Menzies, Myth and Modern Australia, by Jonathon Pincus.
In his comment in the Australian newspaper on John Howard’s ABC TV documentary, Troy Bramston claimed that Howard had failed “to support its central thesis that Menzies played ‘the fundamental role’ in ‘the building of modern Australia’ “; instead, “it was not an era of policy innovation or modernisation…There is a huge gulf between the economic, social and foreign policies of the Menzies government then and the Liberal and Labor parties today.”
What Bramston failed to notice was the huge gulf between the economic policies of the Menzies government and those of his Labor opposition. Although there is much to criticize in Menzies’ strategy for Australian economic development, especially with the benefit of hindsight, it seems indisputable that Labor’s alternative would not only have been disastrous at the time, but also would have long sent the economy in directions quite opposite to modernization.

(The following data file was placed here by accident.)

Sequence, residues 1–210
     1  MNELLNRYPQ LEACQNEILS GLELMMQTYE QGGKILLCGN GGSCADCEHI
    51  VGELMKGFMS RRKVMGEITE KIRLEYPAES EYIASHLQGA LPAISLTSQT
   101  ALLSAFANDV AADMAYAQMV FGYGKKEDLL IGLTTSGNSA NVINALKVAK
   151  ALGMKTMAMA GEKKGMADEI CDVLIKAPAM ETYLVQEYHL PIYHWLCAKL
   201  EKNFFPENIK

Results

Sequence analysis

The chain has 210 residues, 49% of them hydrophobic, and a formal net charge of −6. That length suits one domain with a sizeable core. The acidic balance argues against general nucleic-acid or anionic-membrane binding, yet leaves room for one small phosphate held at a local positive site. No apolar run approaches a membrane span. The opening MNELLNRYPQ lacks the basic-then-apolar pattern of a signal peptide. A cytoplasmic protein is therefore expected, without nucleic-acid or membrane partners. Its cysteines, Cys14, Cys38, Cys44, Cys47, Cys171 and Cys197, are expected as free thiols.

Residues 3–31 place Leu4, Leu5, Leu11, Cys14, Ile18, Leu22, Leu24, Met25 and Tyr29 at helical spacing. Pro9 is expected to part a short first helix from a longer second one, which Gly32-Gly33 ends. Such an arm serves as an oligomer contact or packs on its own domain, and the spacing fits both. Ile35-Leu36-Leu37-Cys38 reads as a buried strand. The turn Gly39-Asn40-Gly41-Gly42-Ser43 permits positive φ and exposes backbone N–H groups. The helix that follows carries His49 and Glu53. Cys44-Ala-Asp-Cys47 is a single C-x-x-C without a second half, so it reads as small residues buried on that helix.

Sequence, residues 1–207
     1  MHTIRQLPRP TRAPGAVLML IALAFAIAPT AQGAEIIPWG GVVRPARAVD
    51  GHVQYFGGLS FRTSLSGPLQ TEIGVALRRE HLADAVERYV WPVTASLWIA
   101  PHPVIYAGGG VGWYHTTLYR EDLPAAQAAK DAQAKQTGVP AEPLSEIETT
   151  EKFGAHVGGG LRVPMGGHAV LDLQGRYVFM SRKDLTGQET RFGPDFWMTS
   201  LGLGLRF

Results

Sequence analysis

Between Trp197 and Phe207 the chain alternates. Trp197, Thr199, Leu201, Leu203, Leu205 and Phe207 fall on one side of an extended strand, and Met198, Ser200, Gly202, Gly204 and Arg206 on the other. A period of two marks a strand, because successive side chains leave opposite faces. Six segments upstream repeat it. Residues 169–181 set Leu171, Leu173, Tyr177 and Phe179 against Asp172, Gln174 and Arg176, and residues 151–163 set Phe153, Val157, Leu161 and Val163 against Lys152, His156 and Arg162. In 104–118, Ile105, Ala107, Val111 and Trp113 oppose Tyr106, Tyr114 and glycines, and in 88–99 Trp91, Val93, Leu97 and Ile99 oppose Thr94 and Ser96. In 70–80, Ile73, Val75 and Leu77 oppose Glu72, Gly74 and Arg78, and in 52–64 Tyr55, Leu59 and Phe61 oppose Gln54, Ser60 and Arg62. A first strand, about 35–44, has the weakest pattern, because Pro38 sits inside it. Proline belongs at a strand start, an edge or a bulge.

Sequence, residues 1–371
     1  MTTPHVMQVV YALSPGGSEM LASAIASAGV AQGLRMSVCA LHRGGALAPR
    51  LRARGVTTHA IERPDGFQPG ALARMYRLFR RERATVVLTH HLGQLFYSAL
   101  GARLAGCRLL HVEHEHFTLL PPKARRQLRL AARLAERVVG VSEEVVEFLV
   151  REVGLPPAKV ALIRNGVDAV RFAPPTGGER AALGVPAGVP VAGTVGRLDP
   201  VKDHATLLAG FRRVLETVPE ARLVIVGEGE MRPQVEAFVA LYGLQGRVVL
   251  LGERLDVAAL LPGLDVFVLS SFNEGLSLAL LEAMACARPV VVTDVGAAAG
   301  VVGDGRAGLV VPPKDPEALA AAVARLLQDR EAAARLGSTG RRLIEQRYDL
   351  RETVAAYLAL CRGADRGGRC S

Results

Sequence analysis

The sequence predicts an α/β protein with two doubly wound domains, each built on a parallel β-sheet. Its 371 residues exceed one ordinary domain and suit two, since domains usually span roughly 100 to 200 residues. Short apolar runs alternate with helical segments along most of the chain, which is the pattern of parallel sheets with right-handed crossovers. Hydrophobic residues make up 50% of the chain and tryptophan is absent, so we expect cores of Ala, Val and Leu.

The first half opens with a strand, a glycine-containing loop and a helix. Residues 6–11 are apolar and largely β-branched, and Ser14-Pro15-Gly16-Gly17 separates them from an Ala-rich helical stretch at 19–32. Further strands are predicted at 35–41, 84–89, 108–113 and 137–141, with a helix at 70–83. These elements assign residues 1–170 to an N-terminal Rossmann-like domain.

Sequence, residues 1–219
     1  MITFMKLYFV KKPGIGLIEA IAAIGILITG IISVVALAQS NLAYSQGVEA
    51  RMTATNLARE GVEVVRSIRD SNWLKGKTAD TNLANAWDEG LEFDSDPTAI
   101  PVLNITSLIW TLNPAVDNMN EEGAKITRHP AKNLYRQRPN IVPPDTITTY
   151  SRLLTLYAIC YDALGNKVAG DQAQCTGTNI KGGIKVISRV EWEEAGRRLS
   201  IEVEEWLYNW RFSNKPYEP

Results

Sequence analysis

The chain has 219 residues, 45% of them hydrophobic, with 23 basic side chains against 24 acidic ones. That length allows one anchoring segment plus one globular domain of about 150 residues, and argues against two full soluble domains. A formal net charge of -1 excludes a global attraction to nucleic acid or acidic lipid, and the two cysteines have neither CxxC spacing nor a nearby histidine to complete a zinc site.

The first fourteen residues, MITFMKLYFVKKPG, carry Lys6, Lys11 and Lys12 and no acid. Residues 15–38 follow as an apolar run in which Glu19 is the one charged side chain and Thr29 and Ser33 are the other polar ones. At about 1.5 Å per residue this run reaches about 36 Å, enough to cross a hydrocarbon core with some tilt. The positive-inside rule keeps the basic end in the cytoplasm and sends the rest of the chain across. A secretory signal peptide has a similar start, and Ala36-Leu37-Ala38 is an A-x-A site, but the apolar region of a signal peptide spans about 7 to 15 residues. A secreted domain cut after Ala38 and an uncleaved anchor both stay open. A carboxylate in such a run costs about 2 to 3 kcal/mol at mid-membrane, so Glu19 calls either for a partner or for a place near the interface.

Labor’s post-war vision was of an economy planned and centrally controlled. The success of a wartime regime of ‘command and control’ reinforced Labor’s long-held beliefs. In 1948, Chifley attempted to make permanent the wartime power over rents and prices. Menzies saw the proposal as part of Labor’s plan of complete socialisation—and certainly Labor’s ambitions for economic centralization and control went much further.
The ‘socialisation’ plank of Labor’s platform was then far from the shibboleth it became: Labor strongly believed in extensive ‘nationalisation’, starting with, but by no means limited to, the banks, steel industry and aviation. Menzies successfully frustrated Labor’s efforts to seize the banks. He preferred private enterprise to nationalisation, even if, as with aviation, the industry was heavily regulated.